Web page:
(b) A promises to pay B 1,000 Taka at the end of six months; if C, who owes
that sum to B, fails to pay it. B promises to grant time to C accordingly. Here
the promise of each party is the consideration for the promise of the other
party and they are lawful considerations.
(c) A promises, for a certain sum paid to him by B, to make good to B the
value of his ship if it is wrecked on a certain voyage. Here A's promise is the
consideration for B's payment and B's payment is the consideration for A's
promise and these are lawful considerations.

(d) A promises to maintain B's child and B's promises to pay A 1,000 Taka
yearly for the purpose. Here the promise of each party is the consideration for
the promise of the other party. They are lawful considerations.

(e) A, B and C enter into an agreement for the division among them of gains
acquired, or to be acquired, by them by fraud. The agreement is void, as its
object is unlawful.

(f) A promises to obtain for B an employment in the public service, and B


promises to pay 1,000 Taka to A. The agreement is void, as the consideration
for it is unlawful.

(g) A, being agent for a landed proprietor, agrees for money, without the
knowledge of his principal, to obtain for B a lease of land belonging to his
principal. The agreement between A and B is void, as it implies a fraud by
concealment by A, on his principal.

(h) A promises B to drop a prosecution which he has instituted against B for


robbery, and B promises to restore the value of the things taken. The
agreement is void, as its object is unlawful.

(i) A's estate is sold for arrears of revenue under the provisions of an Act of
the Legislature, by which the defaulter is prohibited from purchasing the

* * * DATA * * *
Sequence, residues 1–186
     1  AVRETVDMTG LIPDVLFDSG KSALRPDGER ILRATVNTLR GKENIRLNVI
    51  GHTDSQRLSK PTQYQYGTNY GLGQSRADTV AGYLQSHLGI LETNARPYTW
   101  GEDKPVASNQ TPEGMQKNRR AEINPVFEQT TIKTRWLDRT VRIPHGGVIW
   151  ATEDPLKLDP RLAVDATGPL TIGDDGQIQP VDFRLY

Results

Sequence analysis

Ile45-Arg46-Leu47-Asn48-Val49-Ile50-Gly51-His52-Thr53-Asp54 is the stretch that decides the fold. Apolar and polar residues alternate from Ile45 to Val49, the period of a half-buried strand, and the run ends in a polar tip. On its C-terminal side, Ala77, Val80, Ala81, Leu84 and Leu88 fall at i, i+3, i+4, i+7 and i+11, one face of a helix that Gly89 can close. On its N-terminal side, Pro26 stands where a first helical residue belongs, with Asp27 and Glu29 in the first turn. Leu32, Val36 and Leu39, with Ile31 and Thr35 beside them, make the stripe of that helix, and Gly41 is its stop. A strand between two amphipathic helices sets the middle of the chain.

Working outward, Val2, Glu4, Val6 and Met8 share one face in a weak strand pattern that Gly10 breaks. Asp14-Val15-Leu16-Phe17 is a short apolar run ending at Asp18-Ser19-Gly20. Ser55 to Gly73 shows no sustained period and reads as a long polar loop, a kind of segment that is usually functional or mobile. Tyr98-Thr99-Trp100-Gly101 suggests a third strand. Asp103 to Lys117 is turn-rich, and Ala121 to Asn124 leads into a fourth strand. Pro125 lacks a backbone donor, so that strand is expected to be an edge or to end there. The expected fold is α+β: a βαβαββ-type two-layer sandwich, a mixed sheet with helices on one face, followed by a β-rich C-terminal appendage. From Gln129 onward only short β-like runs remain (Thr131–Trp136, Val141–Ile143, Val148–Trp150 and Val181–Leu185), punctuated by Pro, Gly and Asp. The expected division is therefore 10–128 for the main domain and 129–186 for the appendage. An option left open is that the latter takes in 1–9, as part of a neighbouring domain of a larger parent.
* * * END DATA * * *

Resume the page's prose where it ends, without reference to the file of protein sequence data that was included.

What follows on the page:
estate. B, upon an understanding with A, becomes the purchaser, and agrees
to convey the estate to A upon receiving from him the price which B has paid.
The agreement is void, as it renders the transaction, in effect, a purchase by
the defaulter, and would so defeat the object of the law.

(j) A, who is B's mukhtar, promises to exercise his influence, as such, with B in
favour of C, and C promises to pay 1,000 Taka to A. The agreement is void,
because it is immoral.

(k) A agrees to let her daughter to hire to B for concubinage. The agreement is
void, because it is immoral, though the letting may not be punishable under
the Penal Code.

Void Agreements

Agreements void, if considerations and objects unlawful in part

24. If any part of a single consideration for one or more objects, or any one or any part
of any one of several considerations for a single object is unlawful, the agreement is
void.
A promises to superintend, on behalf of B, a legal manufacture of indigo, and
an illegal traffic in other articles. B promises to pay to A a salary of 10,000
Taka a year. The agreement is void, the object of A's promise and the
considerations B's promise being in part unlawful.

Agreement without consideration void, unless it is in writing and


registered, or is a promise to compensate for something done, or is a
promise to pay a debt barred by limitation law

25. An agreement made without consideration is void, unless–

(1) it is expressed in writing and registered under the law for the time being in
force for the registration of documents, and is made on account of natural
love and affection between parties standing in a near relation to each other; or
unless

(2) it is a promise to compensate, wholly or in part, a person who has already


voluntarily done something for the promisor, or something which the
promisor was legally compellable to do, or unless

(3) it is a promise, made in writing and signed by the person to be charged


therewith, or by his agent generally or specially authorized in that behalf, to
pay wholly or in part a debt of which the creditor might have enforced
payment but for the law for the limitation of suits.

In any of these cases, such an agreement is a contract.

Explanation 1 – Nothing in this section shall affect the validity, as between


the donor and donee, of any gift actually made.

Explanation 2 – An agreement to which the consent of the promisor is freely


given is not void merely because the consideration is inadequate; but the
inadequacy of the consideration may be taken into account by the Court in
determining the question whether the consent of the promisor was freely
given.

Illustrations

(a) A promises, for no consideration, to give to B Taka 1,000. This is a void


agreement.

(b) A, for natural love and affection, promises to give his son, B, Taka 1,000. A
puts his promise to B into writing and registers it. This is a contract.

(c) A finds B's purse and gives it to him. B promises to give A Taka 50. This is
a contract.